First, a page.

Touching a wistful chord in readers

January 23, 1998|By Ann Egerton

FOR more than 70 weeks, a memoir by Frank McCourt, ''Angela's Ashes,'' about growing up desperately poor in Limerick, Ireland, and winner of a 1996 Pulitzer Prize, has been on the New York Times best-seller list.

For the past 28 weeks, ''Cold Mountain,'' a novel by Charles Frazier about a wounded Confederate soldier making his way home from the Civil War and winner of last year's National Book Award for fiction, has been on that list. We are living in the most prosperous times America has known, but are fascinated, as readers anyway, by terrible poverty, hunger and need. It seems that the more we acquire, the more we want to know about want.

Grinding poverty

In ''Angela's Ashes,'' Mr. McCourt describes the deaths of his baby sister and brothers, his mother's near immobility from depression, his father's unemployment and alcoholism and his own resulting childhood of near starvation, of days subsisting on tea and fried bread, of having to live on the second floor of his family's rented house in the winter and spring because the ground floor was flooded then. He describes wearing pieces of rubber tires for shoes. He describes tasting an egg: ''Oh God above, if heaven has a taste it must be an egg with butter and salt.'' He describes licking the grease from a newspaper that contained someone else's fish and chips.

In ''Cold Mountain,'' we follow the deserting soldier Inman's walk home through North Carolina, on the run from the Home Guard and thieves, always hungry, cold and exhausted, and nursing injuries with natural remedies. Ada waits for him on her late father's run-down farm, learning how to sustain herself with life-saving help and instruction from Ruby, perhaps the most helpful character in literature since patient Griselda.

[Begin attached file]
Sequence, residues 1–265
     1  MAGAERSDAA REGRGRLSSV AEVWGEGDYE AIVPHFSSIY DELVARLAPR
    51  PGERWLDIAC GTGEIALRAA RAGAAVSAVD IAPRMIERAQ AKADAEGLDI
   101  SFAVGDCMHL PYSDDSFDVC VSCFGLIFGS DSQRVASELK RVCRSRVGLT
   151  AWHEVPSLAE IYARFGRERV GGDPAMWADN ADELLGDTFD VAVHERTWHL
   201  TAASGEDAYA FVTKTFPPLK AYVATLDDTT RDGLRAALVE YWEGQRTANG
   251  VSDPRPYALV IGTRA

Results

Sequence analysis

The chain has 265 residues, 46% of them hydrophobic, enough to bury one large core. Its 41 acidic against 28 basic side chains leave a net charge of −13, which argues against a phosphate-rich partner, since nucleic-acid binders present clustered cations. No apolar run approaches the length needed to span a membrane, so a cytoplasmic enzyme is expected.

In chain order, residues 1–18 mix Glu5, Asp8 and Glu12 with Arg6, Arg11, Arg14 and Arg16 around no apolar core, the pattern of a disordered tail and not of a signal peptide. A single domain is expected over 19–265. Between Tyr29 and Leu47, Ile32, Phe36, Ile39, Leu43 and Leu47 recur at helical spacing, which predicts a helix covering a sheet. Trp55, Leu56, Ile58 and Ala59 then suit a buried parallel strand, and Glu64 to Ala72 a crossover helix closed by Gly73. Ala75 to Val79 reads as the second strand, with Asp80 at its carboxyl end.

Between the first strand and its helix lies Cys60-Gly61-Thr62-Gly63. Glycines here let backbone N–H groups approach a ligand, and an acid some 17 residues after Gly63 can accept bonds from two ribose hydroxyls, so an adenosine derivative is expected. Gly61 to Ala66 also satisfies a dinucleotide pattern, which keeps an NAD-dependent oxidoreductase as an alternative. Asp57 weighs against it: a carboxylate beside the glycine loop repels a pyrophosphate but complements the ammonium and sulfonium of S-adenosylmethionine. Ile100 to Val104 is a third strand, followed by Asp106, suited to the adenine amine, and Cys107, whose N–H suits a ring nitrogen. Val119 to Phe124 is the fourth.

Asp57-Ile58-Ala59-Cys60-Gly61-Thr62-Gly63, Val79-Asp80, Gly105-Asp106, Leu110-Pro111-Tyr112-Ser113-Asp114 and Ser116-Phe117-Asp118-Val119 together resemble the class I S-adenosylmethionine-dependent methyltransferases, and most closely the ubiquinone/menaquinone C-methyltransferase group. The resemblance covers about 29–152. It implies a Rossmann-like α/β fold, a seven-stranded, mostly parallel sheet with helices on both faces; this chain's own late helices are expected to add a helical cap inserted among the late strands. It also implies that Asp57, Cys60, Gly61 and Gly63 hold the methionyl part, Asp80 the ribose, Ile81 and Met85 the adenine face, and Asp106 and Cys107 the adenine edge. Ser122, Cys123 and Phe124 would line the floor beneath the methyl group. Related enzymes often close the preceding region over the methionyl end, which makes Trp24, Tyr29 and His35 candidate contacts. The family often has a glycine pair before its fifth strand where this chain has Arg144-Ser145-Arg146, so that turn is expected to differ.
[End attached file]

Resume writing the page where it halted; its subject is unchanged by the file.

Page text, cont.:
Conspicuous consumption

It seems ironic, indeed, schizophrenic, as we cruise the malls and catalogs for things we don't need, such as a kitchen torch for caramelizing sugar, a jewelry armoire or a $600 cigar cutter, that we are so transfixed by accounts of dire straits.

When, during the Depression, John Steinbeck wrote ''The Grapes of Wrath,'' the wretched life of the Joads was close enough to the real thing for many Americans to be relevant reading. There are still many poor people in the United States, but with government and community safety nets, they're rich and secure compared with the protagonists of ''Angela's Ashes'' and ''Cold Mountain,'' yet those stories are compelling.

The two books are riveting because of the moods they convey. ''Angela's Ashes,'' written in the voices of a child and then adolescent, resonates with humor, understanding and even sympathy toward the parents who are letting him down. ''Cold Mountain'' describes the grinding tedium of the lives of Inman and his girlfriend, but never suggests self-pity or complaint.

No one in his right mind would wish for the poverty and suffering that dominate both stories, but their spirits of self-reliance and generosity touch a wistful chord in the hearts of readers and would make a welcome return to America, in any season. Therein lies a greater hunger than our frantic, disheartening search for bagatelles.

Ann Egerton writes from Baltimore.

Pub Date: 1/23/98

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